The Ghost Writer

You can’t keep a good man down…and just for diplomacy’s sake, when referring to director Roman Polanski, let’s just change that to “you can’t keep a man down.” His latest film, THE GHOST WRITER, a somewhat political thriller based on the Robert Harris novel The Ghost, had some problems in post-production thanks to the Swiss police arresting the director as he entered Switzerland to collect a Lifetime Achievement award. This arrest was for his outstanding arrest warrant in the United States due to a 1977 unfortunate incident (read “crime”) with a 13-year-old girl in Jack Nicholson’s house. However, trooper that he is, Polanski was able to complete the work from house arrest at his Swiss villa. Well played, Roman. Now if only the movie you completed was any good.

Ewan McGregor in The Ghost Writer

I say this is a “somewhat” political thriller in that it’s about the British Prime Minister, Adam Lang (Pierce Brosnan), and it does  not even try to mask the fact that he is a caricature of Tony Blair. However, whereas THE QUEEN portrayed Blair in such a positive light, Polanski goes a different route as he portrays Lang as an actor playing Prime Minister, running on boyish charms and a winsome smile, and as a puppet for the United States. The ghost writer of the title, however, doesn’t have an opinion on any of this. He is simply referred to as “The Ghost” and answers questions about his name as just that, and Ewan McGregor plays him not as a man interested in politics, but rather trying to make the man’s life interesting enough for people to shell out the money to want to read his story. That becomes an easier task as, while he is sent to their beach house (a Martha’s Vineyard/Hamptons type estate), he is accused of war crimes by his friend and former foreign minister Richard Rycart (played mysterious in his dealings by Robert Pugh) for allegedly sanctioning the kidnapping and torture of terror suspects and their deliverance to the CIA.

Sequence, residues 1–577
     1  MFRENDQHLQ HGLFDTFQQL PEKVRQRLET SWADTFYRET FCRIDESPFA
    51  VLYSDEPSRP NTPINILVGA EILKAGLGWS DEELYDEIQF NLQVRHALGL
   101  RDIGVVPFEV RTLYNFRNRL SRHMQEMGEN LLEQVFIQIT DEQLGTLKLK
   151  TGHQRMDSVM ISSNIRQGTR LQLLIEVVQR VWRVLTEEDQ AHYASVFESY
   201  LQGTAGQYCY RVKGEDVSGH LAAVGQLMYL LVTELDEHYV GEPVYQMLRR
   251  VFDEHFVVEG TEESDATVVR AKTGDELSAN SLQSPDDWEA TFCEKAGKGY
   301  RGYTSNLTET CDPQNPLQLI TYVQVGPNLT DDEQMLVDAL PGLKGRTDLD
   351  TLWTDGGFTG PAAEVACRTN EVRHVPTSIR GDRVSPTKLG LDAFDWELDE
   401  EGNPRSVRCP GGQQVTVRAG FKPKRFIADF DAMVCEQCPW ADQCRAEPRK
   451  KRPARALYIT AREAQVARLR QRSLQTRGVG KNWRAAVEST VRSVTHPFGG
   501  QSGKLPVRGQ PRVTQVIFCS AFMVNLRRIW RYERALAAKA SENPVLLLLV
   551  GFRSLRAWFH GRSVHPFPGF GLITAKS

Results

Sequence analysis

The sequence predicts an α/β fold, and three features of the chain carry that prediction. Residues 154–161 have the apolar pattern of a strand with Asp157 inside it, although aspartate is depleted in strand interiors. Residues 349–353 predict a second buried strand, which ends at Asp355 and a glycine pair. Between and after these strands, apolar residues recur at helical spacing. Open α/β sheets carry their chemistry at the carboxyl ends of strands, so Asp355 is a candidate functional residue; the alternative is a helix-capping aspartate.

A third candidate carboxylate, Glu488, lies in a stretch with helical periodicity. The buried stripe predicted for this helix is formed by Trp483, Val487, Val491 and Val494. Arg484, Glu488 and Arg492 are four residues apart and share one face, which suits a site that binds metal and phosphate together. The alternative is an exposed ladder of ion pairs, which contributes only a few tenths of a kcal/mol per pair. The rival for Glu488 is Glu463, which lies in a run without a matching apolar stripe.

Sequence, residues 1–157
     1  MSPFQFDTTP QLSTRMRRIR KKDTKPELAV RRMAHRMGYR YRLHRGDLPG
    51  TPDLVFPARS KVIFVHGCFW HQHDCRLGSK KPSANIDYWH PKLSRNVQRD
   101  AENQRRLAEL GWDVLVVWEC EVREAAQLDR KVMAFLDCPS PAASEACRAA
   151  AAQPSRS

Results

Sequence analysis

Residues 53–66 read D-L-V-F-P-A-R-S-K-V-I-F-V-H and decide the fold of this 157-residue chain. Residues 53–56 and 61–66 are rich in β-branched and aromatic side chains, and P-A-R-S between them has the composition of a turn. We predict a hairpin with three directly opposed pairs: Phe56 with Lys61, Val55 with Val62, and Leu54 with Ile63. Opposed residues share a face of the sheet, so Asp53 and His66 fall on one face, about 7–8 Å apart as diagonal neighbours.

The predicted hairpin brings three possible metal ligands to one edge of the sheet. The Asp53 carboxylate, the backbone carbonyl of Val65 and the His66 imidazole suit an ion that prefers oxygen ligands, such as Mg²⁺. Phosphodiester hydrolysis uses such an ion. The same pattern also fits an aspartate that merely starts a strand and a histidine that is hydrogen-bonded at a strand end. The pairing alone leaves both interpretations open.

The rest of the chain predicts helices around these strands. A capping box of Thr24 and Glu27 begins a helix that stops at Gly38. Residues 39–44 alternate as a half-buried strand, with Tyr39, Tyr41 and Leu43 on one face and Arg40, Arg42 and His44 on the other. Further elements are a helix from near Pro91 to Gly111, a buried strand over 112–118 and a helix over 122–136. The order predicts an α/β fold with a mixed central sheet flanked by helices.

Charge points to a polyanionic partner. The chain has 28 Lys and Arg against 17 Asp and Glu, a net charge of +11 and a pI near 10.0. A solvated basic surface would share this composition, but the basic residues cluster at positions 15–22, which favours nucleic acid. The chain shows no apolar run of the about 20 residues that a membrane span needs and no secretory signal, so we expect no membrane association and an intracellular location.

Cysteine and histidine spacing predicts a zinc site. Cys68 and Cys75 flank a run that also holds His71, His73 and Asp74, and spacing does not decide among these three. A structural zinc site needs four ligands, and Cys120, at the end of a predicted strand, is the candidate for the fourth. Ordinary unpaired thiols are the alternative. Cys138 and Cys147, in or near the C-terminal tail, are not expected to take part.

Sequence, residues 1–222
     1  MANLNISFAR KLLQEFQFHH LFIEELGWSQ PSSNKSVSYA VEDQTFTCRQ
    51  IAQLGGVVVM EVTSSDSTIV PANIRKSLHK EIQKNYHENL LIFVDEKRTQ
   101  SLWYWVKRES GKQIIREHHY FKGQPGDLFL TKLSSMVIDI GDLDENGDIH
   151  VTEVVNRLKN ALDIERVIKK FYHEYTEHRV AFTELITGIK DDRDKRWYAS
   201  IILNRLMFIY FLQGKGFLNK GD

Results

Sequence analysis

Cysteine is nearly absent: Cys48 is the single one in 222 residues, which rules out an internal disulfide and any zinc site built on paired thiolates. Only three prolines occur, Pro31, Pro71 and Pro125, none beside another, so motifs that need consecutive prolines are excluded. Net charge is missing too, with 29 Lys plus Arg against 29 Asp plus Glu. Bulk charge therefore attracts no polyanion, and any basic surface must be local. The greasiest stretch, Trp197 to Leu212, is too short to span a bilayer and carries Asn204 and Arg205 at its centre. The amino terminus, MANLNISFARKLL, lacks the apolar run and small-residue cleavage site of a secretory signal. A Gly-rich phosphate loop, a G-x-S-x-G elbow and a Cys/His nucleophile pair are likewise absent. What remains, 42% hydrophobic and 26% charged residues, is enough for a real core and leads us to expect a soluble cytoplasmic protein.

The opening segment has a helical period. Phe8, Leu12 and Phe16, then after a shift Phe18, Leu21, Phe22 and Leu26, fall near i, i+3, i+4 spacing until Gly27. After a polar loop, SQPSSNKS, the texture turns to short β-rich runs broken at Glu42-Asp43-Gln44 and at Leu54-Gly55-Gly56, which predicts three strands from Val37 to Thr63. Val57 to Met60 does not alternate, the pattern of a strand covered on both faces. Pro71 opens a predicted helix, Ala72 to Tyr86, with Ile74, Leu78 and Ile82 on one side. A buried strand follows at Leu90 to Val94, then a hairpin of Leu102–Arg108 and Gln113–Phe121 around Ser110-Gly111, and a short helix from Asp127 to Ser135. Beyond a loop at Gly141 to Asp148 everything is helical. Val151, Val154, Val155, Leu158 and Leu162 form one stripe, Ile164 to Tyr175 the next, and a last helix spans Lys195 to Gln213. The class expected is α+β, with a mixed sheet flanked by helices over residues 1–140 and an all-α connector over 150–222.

Ewan McGregor and Kim Cattrall in The Ghost Writer

This is only a somewhat political thriller because there is also a death/murder that complicates the plot, trying to make it into a murder mystery as well. The writer previously working on the memoir is found dead, washed up on the beach, and that brings in Ewan McGregor’s character, but what was the real cause of his predecessor’s death? Olivia Williams plays Lang’s wife Ruth as the person who spends most time with The Ghost, upset over the path her husband has chosen, both politically and with his assistant, the always slutty and horribly fake-British Kim Cattrall. But there is something else behind this whole story, or so it would seem, and Polanski tries to make that the thriller portion of the film. He sends The Ghost out to investigate his predecessor’s death and meets ominous characters to thicken the plot, like Eli Wallach (looking like playing Tuco from THE GOOD THE BAD AND THE UGLY occured centuries ago) claiming the tide could not have washed up the writer’s body in that spot, or Tom Wilkinson playing an unknown and obscure Harvard professor, played like a Machiavellian puppetmaster with some ambiguously threatening lines (although he is not Vice Presidential, this is the Dick Cheney character). He has ties to a monster of a military defense corporation called Hatherton (yeah, a short stones-throw away from Halliburton), and how he fits into Lang’s life is the mystery The Ghost wants to discover. But at what cost? Ooooh.

Ewan McGregor and Pierce Brosnan in The Ghost Writer

I can understand the politics behind this movie, and it tries to mask that with a suspenseful plot, but the suspense falls flat for me, and while some may think it was cooked to a slow boil, I never got the boil part. It was just slow. Tom Wilkinson had the most interesting character and he comes in too late and is underused, while Olivia Williams plays with The Ghost Writer to the point we think this is simply a tryst movie for them at one point. McGregor plays his role fine, not too interested in the politics but smart enough to grasp them, but his investigation into the things Lang won’t tell him isn’t played well enough, as things just kind of fall into his lap. But my biggest problem is the misuse of Pierce Brosnan. Okay, you want to comment on Tony Blair and your disagreement with his policies in cooperation with America’s war on terror. That’s fine. But don’t take Thomas Crown down as you do it. This is a guy that can play the cool, master of the universe-type who could have made an incredibly interesting character and he’s reduced to a grinning buffoon (grinning at one point next to a not-even-thinly-veiled Condi Rice character). It’s tantamount to putting Baby in the corner. Nobody does it. But I guess Roman Polanski thinks the rules don’t apply to him. Oh, wait…


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